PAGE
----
Newspaper Archive of
The New Era Paper
Sweet Home, Oregon
February 22, 2012     The New Era Paper
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February 22, 2012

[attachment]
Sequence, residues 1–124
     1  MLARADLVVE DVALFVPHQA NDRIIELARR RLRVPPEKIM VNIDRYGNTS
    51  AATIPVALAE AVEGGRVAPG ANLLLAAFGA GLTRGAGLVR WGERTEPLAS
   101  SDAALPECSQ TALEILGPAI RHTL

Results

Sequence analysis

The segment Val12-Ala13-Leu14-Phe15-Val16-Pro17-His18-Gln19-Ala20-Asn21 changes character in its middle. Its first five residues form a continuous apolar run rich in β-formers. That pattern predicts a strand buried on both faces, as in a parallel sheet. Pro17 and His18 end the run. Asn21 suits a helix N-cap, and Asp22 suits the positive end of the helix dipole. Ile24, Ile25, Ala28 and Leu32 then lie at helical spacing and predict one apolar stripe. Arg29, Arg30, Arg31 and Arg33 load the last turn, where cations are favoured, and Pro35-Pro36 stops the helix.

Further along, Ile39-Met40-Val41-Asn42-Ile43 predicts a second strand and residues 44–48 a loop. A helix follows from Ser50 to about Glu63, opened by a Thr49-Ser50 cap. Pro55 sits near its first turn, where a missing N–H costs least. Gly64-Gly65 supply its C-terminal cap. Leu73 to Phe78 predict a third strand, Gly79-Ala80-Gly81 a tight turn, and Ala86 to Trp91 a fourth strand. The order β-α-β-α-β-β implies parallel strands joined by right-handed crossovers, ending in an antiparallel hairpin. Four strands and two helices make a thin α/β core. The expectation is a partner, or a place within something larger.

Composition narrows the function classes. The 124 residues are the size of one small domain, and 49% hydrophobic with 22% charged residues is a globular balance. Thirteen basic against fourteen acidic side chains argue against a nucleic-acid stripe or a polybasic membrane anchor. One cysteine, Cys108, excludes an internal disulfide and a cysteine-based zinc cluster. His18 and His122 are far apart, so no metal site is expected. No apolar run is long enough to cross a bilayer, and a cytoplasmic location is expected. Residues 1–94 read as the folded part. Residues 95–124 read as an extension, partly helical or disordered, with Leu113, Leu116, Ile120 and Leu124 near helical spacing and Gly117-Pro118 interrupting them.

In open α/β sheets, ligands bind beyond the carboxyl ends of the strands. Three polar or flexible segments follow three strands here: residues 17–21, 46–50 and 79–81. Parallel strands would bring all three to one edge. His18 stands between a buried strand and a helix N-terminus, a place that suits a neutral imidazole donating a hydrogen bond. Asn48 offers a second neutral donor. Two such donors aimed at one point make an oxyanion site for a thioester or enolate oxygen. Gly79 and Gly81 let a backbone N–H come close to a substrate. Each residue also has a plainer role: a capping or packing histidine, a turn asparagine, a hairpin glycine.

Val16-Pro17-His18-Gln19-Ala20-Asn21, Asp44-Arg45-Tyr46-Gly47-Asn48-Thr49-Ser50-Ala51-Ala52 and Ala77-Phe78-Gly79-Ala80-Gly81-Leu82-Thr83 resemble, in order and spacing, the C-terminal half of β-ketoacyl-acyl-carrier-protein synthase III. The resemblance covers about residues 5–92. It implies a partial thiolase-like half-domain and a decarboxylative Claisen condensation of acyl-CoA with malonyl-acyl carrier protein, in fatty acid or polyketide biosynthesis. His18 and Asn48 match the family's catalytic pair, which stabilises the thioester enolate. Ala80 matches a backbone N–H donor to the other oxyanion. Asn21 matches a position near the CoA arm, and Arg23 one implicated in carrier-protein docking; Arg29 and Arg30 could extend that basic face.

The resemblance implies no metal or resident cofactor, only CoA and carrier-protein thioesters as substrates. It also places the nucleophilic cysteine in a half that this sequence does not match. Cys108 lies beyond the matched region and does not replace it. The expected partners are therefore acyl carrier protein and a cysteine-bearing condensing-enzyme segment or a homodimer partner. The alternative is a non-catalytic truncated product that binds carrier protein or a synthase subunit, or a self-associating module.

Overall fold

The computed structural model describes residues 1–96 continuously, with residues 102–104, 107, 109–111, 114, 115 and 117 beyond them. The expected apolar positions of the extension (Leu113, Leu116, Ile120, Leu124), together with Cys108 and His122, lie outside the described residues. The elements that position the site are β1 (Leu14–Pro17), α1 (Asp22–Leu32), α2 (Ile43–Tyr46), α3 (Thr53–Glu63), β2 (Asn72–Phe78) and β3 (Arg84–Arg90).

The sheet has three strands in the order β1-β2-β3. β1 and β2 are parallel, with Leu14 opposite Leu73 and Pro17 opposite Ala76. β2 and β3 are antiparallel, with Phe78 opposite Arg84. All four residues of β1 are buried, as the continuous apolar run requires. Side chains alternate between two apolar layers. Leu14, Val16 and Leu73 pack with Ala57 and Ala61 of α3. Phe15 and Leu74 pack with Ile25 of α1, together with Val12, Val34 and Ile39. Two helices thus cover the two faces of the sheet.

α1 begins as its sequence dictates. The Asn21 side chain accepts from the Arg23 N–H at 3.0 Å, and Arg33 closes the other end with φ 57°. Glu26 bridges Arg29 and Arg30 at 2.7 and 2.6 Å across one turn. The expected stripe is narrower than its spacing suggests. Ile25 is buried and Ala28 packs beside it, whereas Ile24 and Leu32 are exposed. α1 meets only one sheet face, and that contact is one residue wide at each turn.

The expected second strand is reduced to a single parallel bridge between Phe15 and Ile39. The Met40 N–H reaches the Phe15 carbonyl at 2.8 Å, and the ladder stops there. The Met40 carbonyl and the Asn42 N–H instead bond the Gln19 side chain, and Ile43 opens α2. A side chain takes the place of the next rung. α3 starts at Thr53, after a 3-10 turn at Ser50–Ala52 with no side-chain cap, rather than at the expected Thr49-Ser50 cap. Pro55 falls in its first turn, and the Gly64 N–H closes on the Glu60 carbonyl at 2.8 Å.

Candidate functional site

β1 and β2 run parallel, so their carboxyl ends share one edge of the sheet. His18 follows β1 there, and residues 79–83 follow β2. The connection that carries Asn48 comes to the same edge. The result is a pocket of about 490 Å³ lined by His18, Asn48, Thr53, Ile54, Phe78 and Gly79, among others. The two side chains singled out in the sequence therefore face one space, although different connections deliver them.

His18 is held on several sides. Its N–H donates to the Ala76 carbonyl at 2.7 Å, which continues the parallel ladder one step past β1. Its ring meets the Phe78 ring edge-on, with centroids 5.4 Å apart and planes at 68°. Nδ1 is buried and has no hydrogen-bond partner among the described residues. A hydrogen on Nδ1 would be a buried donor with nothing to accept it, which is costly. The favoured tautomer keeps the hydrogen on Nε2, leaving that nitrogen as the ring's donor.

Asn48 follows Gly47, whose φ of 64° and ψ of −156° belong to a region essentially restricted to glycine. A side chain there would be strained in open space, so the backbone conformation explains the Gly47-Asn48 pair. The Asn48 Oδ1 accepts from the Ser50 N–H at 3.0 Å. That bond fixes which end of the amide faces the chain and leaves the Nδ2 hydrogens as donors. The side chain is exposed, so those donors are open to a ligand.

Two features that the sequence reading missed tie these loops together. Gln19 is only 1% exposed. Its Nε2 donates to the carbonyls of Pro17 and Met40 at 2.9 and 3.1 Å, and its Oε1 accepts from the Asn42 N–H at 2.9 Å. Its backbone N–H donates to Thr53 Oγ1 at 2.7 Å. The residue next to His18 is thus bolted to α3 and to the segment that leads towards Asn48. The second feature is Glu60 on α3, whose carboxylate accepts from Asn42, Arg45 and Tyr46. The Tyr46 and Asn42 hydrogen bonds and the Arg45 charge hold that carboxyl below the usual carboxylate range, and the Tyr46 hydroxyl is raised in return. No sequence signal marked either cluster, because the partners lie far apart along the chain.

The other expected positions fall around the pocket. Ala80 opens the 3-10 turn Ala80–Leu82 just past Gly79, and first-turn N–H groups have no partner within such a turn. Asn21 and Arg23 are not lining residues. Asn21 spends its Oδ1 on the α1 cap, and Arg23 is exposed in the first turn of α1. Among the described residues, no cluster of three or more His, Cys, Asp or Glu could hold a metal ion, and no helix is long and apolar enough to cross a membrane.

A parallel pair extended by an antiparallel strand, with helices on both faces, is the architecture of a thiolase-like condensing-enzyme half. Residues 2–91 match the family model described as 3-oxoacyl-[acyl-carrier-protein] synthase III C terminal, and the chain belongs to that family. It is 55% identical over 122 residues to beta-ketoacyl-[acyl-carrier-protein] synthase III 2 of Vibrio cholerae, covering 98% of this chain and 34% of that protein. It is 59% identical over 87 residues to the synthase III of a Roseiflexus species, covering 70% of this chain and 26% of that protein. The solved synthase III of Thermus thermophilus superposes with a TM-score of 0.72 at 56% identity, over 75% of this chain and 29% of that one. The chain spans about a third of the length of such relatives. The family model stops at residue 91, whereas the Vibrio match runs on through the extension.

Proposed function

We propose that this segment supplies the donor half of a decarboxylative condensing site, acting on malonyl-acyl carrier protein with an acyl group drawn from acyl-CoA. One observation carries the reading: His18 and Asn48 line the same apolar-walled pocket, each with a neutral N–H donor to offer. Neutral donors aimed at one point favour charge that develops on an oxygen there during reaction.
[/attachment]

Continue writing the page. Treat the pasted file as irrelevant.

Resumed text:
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4/28/-20t2 N Small Town Papers- 2i 7 W Cota St Sheiion wa 98584 Hometown News 3aper of Harold Partridge Serving the Sweet Home community since 1929 I m I I Wednesday, February 22, 2012 Vol. 83, No. 8 I 75 Cents Two more arrested in burglary cases By Scan C. Morgan Of The New Era Sweet Home police recovered property Thursday morning, Feb. 16, that they believe was stolen from area homes in a recent series of residential burglaries beginning last month. They arrested two people in connection with the stolen property and a third on a drug charge. Police served the search war- rant at 1280 Nandina St., at 6:33 a.m. Arrested were Wayne Cole Howser, 36, and Todd Jeremy Clark, 36, for possession of methamphetamine and first-degree theft by receiving. Police also arrested Lacey Marie Ni- cole Davidson, 33, for possession of meth. All three were lodged at Linn County Jail. In addition to apparently sto- len property, police also seized what they described as sales quantities of meth. Among the stolen property were items allegedly stolen from Dan Dee Sales, said Police Chief Bob Bur- ford. Police executed the search war- rant on the basis of information they had received that there may have been items of interest from the bur- glaries around Sweet Home, said Community Services Officer Gina Riley. "There were items found in the residence that are probably asso- ciated with some of the burglaries." Police are now connecting the property to the owners, she said. A week earlier, police arrested Austin Richards, 18, at the scene of an apparent attempted burglary, charging him with two counts of See Arrests, page 8 Photo by Scott Swanson Police detective Cyndi Picardo, left, Community Services Officer Gina Riley, and other law enoforcement officials carry evidence from a house at the corner of 13th Avenue and Nandina Street Thursday after a search. Fast food drive-in McDonald's employees Trudy Pectol, left, and Jessica Smith survey the damage from a vehicle that crashed through a window Friday morning as David Worthen works behind the counter. Police and medics responded to McDonald's, 2000 Main St., at about 8:55 a.m. The vehicle was driven by Mabel Jeanette Medlock, 87. No citations were issued, and no injuries were reported. At right, Community Services Officer Gina Riley chats with a police officer at the scene of the crash. Photos by Scott Swanson New pipes paying off in reduced I&I By Sean C. Morgan Of The New Era Januarff's big rain storm brought good - albeit unscientific - news about Sweet Home's sewer system. During the storm, the city's Wastewa- ter Treatment Plant bypassed far less water than city officials would have expected. "Past experience would've told us with that particular rain event, we would've by- passed sooner during the rain storm," said Public Works Director Mike Adams. That See I&l, page 2 Council denies zoning change By Scan C. Morgan Of The New Era The Sweet Home City Council de- nied a request for a Comprehensive Plan amendment and rezone for Valley View Logging last week. Following a public hearing during its regular meeting on Feb. 14, the council voted 5-0 to deny the request. The request was to change the Com- prehensive Plan map for 1284 and 1288 46th Ave. from low-density residential to See Council, page 7 Cougar killings, sightings up, but how many are there? By Scott Swanson Of The New Era Are cougars more plentiful now than, say, 10 years ago? Depends on whom you talk to. Oregon state wildlife biologists say they don't believe there are more of the mountain lions in the Cascades and the Willamette Val- ley west of the mountains, and if counts of re- ported killings of cougars can be relied upon, they seem to support that analysis to a certain extent, although the cats' presence may be be- coming more evident. In the last month, a cougar has been hit by a school vehicle on Fern Ridge, two have been killed on Highway 228 in the Crawfordsville area and others have been reported, though not necessarily officially. Cougars have been blamed for multiple livestock killings in the area since last summer, including six American blackbelly sheep be- longing to a family on 50th Avenue, five goats on a ranch on Crescent Hill Drive, and others. Whether there is actually an increased number of cats in the state is up for argument, but the numbers of reported cats killed in Linn County have shot up by more than 100 percent in recent years, from an average of 13 betweeen 2006 and 2009, to 20 in 2010 and 23 in 2011. Probably even more telling, the number killed because they have been deemed a hazard to hu- mans has doubled in the last year from eight in 2010 to 17 in 2011, and quadrupled from 2009 (four). But the numbers are small, so statisti- cally those increases are not as significant as they would be with larger totals. Nancy Taylor, a biologist at the Corvallis branch of the Oregon Department of Fish and See Cougars, page 15 ........ :;T,"]T-TTrTiFr-TTT-,T';[-iTrTT-":[ ................. ? ....... -]..Fr-.,T  .... iiT il7:$TT-FTi]-r ]i; ;;T[,2-[  ]'.TJ:: ]-72: '] ............... ;. -